The bathroom may not be the most obvious space in your home to experiment with new trends. However, if you're looking to give your loo a bit of a refresh come 2022, we're all for it. The (usually) small square footage of the space makes it a doable update anyone can take on.
We've spoken with designers to gather a list of eight bathroom trends that will soon be all the rage. Whether you're interested in making a small upgrade or taking on a full remodel, you'll want to check out their pro insight below.
Meet the Expert
- Rosanna Bassford is the founder and principal at Eggshell Home in San Francisco.
- Tara McCauley is the founder of Tara McCauley in New York City.
- Liza Kuhn is the founder of Liza Kuhn Interiors in New York City.
1. Fluted, Reeded, or Slatted Features
Those who are all about eye-catching textures are in luck: These will become more mainstream in 2022, designer Rosanna Bassford notes. Just note that at the moment, achieving such a look may involve a bit of work with a pro. "Right now you mainly have to do custom cabinets to get it, but manufacturers will catch up," Bassford says of the look.
2. Warmer Colors
We can expect to see inviting shades including beige, tan, terracotta, and wood tones, Bassford comments. "So no more gray cabinets or gray walls," she adds. "I think gray will become more like a color where it is used selectively, and beige will be the new neutral."
3. Fun Patterns
On a related note, designer Tara McCauley expects all-white bathrooms to be a thing of the past. "A small bathroom is the perfect opportunity to go bold with a saturated color or fun pattern," she comments. "With e-commerce sources for peel-and-stick wallpaper proliferating online, I think it's easier than ever for homeowners and renters alike to personalize their walls."
4. More Types of Furniture
Who's to say that a bathroom can't incorporate a fun furniture find or two? "With the continued shift towards spending more time at home, paired with the very urgent need to take care of our mental health, we're expecting bathrooms to incorporate more furniture-like pieces that transform this room for getting ready into a space that promotes prolonged self-care," designer Liza Kuhn explains. Truly, the sky is the limit when it comes to pieces one can include. "Vanities crafted from vintage dressers, upholstered vanity chairs, and tub side tables are a few pieces that we expect to see more of, as they provide warmth while encouraging you to slow down, relax, and take a bit more time for yourself," Kuhn adds.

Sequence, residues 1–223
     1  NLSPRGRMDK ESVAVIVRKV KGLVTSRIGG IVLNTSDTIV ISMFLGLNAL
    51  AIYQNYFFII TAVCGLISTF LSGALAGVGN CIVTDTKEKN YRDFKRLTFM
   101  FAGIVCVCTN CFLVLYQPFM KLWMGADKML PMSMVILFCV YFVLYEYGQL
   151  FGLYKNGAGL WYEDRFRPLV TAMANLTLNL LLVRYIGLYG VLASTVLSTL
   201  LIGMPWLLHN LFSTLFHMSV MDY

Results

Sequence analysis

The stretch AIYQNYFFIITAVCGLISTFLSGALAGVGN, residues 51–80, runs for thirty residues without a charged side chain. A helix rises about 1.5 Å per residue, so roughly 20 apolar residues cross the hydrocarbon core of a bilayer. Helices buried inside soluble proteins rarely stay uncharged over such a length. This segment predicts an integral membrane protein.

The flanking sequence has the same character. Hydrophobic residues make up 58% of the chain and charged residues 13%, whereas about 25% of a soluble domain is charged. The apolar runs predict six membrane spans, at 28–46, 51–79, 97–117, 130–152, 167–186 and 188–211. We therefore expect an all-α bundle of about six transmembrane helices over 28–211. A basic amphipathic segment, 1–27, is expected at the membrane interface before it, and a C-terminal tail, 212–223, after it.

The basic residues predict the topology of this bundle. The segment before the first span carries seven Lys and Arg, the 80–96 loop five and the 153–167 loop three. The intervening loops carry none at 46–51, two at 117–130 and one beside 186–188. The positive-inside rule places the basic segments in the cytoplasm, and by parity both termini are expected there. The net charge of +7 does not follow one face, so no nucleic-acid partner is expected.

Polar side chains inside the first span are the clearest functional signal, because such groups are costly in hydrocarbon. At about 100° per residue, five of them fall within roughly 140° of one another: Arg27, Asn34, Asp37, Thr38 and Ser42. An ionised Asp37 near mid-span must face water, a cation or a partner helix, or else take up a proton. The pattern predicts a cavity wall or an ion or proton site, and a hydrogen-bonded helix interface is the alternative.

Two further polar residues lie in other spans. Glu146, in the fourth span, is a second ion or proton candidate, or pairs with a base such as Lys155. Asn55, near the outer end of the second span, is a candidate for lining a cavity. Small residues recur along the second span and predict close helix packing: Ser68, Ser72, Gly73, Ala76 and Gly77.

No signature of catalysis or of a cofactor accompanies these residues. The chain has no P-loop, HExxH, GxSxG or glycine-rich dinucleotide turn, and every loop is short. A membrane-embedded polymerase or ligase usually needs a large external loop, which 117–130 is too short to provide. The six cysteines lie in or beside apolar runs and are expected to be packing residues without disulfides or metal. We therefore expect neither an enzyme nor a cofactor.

5. DIY Touches
No matter one's style preference, taking matters into one's own hands design wise will continue to be prominent come 2022. Bassford notes that homeowners are beginning to DIY reeded or fluted features in their loos, while McCauley comments that those who don't wish to install wallpaper may wish to try their hand at a small mural in the bathroom. She notes, "Even a hand painted design isn't so daunting a feat in a small space!"
6. A Mix of Old and New
Designer Isabella Patrick has seen clients opt for classic designs when it comes to tile and marble, for example, but notes that they're incorporating plenty of "fresh elements," too. What has Patrick been noticing? "Colorful millwork or vanities, mid-century inspired lighting, and really smart storage like full length niches and vanities with drawers," to name a few fab touches.
7. More Plaster
This look is something that designer Becky Shea greatly appreciates. "There is something so clean and chic about a shower being fully plastered versus little grout lines everywhere for tile," she notes. "From a maintenance point of view, it's also so much easier to keep clean and you don't have issues with grout turning yellow or chipping away."
8. Vibrant Fabrics and Textiles
The addition of more color in the bathroom isn't just limited to walls and cabinets. Designer Sarah Brannon expects this trend to take shape in terms of textiles, too. "I’m opting for window treatments created with intricate textiles rather than neutral fabrics, saturated paints, and expansive vintage rugs to add warmth," she explains.